This could very well be a case of overreacting and far-reaching paranoia. However, it cannot be said enough that we are living in an age when protecting our data has become a top priority for most (and should be for all). That's why, when I read the details regarding the troubles now plaguing the Maxthon browser, I immediately wanted to warn people that it would be in their best interest to stop using the application.
What exactly has been discovered that could be so damaging to this underdog browser? Fidelis Cybersecurity reported that Poland-based Exatel uncovered the Maxthon browser regularly sends a file, via HTTP, named ueipdata.zip, to a server in Beijing, China. The ueipdata.zip contains a file called dat.txt which stores information about the following:
- Operating system
- Ad blocker status
- Homepage URL
- Browser history
- Installed applications (and their version number)
That's a rather daunting list of information to be sending to a third party server. Although it may add a level of comfort to know that the data sent out of your device is encrypted (via a symmetric Rijndael ((AES)) algorithm using a constant 16-byte key of "eu2o4[r04cml4eir"), it may (or may not) surprise you to know the experts that discovered the issue easily found the decryption key.
It's very interesting to know the reason why Exatel thought to look twice at a packet that was setting off their Deep Packet Inspection (DPI) alarms. As they monitored the transmission of data, they discovered a phrase which repeated several times during the packet transfer. That phrase?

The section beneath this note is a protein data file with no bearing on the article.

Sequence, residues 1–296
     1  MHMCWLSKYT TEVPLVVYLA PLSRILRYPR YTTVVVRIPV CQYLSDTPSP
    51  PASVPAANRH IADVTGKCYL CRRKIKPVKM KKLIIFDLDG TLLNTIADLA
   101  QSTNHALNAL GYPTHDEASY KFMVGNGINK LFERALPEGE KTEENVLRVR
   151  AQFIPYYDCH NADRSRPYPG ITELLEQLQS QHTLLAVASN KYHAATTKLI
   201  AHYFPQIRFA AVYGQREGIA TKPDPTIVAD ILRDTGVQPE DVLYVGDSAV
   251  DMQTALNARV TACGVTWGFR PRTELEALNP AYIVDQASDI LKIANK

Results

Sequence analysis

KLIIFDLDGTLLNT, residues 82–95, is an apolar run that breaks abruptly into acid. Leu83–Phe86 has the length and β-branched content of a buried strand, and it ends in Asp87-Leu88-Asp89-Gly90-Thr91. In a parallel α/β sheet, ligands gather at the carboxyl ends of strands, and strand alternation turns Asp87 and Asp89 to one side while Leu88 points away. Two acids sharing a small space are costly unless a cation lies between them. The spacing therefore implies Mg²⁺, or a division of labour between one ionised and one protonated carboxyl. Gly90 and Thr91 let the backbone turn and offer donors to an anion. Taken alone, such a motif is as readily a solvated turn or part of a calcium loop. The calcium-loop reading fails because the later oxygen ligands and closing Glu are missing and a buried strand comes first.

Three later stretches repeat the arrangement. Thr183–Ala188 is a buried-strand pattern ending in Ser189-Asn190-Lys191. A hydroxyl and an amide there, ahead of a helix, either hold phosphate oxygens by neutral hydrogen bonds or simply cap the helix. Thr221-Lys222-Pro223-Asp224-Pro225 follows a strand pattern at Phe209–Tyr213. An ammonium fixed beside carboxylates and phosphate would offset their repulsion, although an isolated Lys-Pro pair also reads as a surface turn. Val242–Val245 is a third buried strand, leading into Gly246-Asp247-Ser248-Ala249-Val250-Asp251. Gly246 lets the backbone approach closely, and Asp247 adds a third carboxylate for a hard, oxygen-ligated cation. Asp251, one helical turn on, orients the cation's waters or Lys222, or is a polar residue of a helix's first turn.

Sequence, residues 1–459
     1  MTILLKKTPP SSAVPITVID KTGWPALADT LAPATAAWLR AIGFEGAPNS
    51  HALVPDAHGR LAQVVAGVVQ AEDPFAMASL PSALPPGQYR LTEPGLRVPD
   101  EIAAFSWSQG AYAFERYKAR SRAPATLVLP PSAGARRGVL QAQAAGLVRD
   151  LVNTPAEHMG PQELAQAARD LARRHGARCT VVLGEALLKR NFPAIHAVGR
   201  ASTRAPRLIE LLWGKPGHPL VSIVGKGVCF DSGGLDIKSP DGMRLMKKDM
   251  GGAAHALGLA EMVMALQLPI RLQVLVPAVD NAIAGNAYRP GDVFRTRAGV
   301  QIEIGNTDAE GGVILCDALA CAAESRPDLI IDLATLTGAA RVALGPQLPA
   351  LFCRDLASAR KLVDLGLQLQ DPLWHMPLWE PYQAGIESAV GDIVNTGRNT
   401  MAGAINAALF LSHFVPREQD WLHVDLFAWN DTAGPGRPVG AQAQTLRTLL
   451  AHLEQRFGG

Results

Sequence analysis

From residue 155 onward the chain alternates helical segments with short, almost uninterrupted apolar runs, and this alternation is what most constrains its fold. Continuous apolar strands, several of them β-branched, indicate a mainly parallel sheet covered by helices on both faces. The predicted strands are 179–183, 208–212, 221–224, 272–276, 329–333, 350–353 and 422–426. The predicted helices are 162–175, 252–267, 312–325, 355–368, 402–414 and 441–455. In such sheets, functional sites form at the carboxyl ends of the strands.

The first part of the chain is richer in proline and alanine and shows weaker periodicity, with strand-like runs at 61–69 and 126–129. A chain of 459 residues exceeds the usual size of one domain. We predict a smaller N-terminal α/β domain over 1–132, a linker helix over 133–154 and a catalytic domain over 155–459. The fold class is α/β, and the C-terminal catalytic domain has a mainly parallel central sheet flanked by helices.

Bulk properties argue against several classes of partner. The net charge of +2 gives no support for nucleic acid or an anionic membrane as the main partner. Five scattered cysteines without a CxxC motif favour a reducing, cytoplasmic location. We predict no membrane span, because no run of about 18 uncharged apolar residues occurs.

Exatel initially thought this could have been a joke (since it was around April First). However, after further investigation, they discovered the packet was emanating from the Maxthon Browser, installed on three Exatel employees' computers, and heading straight for a server in China.
Could be innocuous
The abbreviation UEIP (from ueipdata.zip) stands for User Experience Improvement Program. This is part of a voluntary program (as claimed by the creators of Maxthon) that is purported to improve the browser experience by anonymously sharing information about:
- Hardware on which the browser is installed
- Operating system information
- Error and crash data reported during browser functioning
According to the developers at Maxthon, this program can be easily opted out of. Naturally, Exatel decided to test this by unchecking the option to participate in the UEIP program during installation.
The results of unchecking that option? The ueipdata.zip still transferred itself to the Chinese server and still contained the dat.txt file. The conclusion? Opting out of the program has no effect.
Even though the data is encrypted, there's a glaring issue. Exatel discovered just how easy it is to run a Man-In-The-Middle attack to on the Maxthon encryption library. It was very easy to figure out the Maxthon browser makes use of the MxEncode library and the encryption key was actually embedded in the Maxthon code. With that information, they created their own DLL library which imitated the original MxEncode library and were able to decrypt the data. They ran this on the browser that had opted out of the UEIP program and, to no one's surprise, the transmission to the server contained:
- The Windows service pack version
- A version of Maxthon browser
- The screen resolution
- The type and frequency of processor
- The local path Maxthon was installed in
After continued browsing, the file started collecting a list of installed software and precise version numbers contained on the host machine. Effectively, the opted-out machine was transmitting the very same data as the opted-in machines.
That, my friends, is a massive security issue.
What should you do?
This is one of the easiest solutions I've ever had to report. Uninstall Maxthon. Period. End of story. Remove it from all of your devices, desktops, laptops, and anything in between. It's great to have so many options, but sometimes those innocent sheep are truly malicious wolves. Although some might think the collected data harmless, it is still a breach in security that cannot be trusted.
Read the full report from Exatel.
Jack Wallen is an award-winning writer for TechRepublic and Linux.com. He’s an avid promoter of open source and the voice of The Android Expert. For more news about Jack Wallen, visit his website jackwallen.com.